Fourth Coast has been on the front lines of the alternative energy market here since 2008, when owner Augusta Withington launched the small business in Clayton. Robert J. Campany joined Ms. Withington in 2009 as project manager. And the pair of professionals — who previously worked together on municipal projects at Bernier, Carr & Associates — quickly began launching solar and geothermal energy projects in Jefferson, Lewis and St. Lawrence counties. Headquartered at Mr. Campany’s house in Clayton, the business has 15 employees and continues to grow to keep up with rising demand.

“The costs for solar panels keep going down, and it’s more visible than it was before,” Mr. Campany said. “The ‘green’ aspect on the environment used to be the primary reason for these projects, but since we’ve been involved, it’s been the economic benefit. The third reason is the feeling of independence with utility companies. People feel like they’re tied to National Grid when they give up a big check every month.”

Roughly 90 percent of Fourth Coast’s workload involves the design and installation of solar units, Mr. Campany said, and geothermal projects make up the remainder.

For geothermal projects, heat-source piping is installed up to 300 feet underground, sometimes at the bottom of lakes and ponds. Systems take advantage of the ground’s constant temperature to offer heating and cooling services. Although those projects are not eligible for NYSERDA benefits, they may receive a federal tax credit of up to 30 percent of total costs. Because of today’s rising cost of heating fuel, geothermal projects are catching on among people seeking long-term savings.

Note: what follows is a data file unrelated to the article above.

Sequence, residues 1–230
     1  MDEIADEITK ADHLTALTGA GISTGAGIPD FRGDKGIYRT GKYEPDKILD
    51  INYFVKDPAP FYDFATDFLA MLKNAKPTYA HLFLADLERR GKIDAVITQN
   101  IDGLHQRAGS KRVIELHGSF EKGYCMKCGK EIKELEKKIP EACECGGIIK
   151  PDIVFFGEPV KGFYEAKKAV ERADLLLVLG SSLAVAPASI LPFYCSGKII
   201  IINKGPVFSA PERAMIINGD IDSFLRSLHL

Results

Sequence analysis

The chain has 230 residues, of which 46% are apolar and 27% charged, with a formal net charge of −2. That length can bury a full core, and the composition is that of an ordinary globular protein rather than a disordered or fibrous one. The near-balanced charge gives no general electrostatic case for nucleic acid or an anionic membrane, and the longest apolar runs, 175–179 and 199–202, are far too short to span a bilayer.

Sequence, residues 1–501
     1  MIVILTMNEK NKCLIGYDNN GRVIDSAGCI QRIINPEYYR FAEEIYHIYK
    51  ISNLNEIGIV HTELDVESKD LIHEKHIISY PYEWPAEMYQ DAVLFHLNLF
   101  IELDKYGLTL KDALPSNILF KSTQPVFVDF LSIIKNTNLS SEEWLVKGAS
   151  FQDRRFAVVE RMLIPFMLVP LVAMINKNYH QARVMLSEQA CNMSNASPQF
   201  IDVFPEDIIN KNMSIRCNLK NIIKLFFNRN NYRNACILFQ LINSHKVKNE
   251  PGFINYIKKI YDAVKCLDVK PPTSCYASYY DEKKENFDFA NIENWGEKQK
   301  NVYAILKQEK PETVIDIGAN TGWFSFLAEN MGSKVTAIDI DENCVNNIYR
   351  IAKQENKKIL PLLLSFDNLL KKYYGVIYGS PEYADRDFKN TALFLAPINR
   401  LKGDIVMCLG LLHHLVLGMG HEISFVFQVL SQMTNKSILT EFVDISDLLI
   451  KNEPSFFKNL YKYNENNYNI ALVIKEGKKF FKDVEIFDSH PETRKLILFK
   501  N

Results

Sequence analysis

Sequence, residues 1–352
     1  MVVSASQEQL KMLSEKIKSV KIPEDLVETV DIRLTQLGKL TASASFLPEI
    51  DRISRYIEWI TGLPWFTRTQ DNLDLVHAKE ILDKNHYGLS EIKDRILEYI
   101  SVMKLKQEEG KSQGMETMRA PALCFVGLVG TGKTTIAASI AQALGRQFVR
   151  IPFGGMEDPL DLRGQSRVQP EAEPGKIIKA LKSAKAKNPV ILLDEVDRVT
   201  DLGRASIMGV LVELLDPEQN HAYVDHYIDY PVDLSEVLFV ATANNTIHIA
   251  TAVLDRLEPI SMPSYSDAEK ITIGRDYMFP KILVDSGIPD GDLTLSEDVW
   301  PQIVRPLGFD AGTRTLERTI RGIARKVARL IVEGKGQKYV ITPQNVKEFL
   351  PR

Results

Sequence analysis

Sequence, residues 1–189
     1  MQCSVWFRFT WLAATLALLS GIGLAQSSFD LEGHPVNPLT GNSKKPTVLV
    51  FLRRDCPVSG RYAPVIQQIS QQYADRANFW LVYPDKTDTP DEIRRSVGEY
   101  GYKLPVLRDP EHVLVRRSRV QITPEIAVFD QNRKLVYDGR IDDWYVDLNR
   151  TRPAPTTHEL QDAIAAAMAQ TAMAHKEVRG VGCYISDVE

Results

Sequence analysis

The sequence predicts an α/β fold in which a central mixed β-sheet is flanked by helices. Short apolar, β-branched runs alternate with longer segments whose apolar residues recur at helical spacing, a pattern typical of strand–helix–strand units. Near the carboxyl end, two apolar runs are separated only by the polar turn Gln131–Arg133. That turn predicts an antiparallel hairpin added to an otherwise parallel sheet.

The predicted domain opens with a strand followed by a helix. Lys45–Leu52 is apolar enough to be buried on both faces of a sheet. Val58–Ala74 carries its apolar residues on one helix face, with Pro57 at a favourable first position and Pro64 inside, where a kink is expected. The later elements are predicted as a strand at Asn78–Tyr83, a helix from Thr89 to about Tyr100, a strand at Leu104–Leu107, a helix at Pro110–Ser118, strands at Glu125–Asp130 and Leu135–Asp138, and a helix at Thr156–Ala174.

“Geothermal makes sense, because it is significantly less expensive than propane or fuel oil — from one-third to one half,” he said.

Up-front investments for alternative energy projects still hold some customers back, said Mr. Campany, who takes calls from customers daily. Each client’s situation involves unique variables that affect costs.

“A lot of people would love to do this if they had the capital to get in — it’s such a good return on investment,” he said. “We’re now seeing people borrowing money with home equity rates at 2.99 percent, then paying for projects in four to five years” with energy savings.


People still are getting used to seeing the 200 solar panels on the rooftops of the restaurant and nine-room motel at The Clipper Inn, 126 State St., Clayton, installed by Fourth Coast in January 2012. Owner Michael L. Simpson said last year, the business saved about $10,000 in electricity, money that used to be fed to National Grid. The photovoltaic system has reduced the business’s overall electricity bill by about one-third.

Mr. Simpson said visitors are impressed with savings gained from the 50-kilovolt system, along with the vast number of solar panels powering municipal buildings in Clayton, where the community has been receptive to such projects. He believes their attitudes about alternative energy have improved after seeing the positive results.

“A lot of my customers asked me how well they worked after I put in the panels, and I told them I would have to wait,” Mr. Simpson said. “They’re impressed when they learn electricity was down by $10,000 with the same amount of lights and air conditioning use.”

City Electric Co., a wholesale electrical distributor at 7075 Bradley St., Watertown, supplies contractors with solar panel parts for projects. Sales representative Hilton P. Shattuck, who travels across the region to supply products for electrical contractors, said the number of alternative energy projects in the region has gradually climbed in recent years.

“It’s been a sliding scale,” Mr. Shattuck said. “Five years ago, there were only a few companies producing solar energy; but now a lot of them are seeing this is a viable thing. It’s like the tip of the iceberg, and you’re going to see a lot more of it.”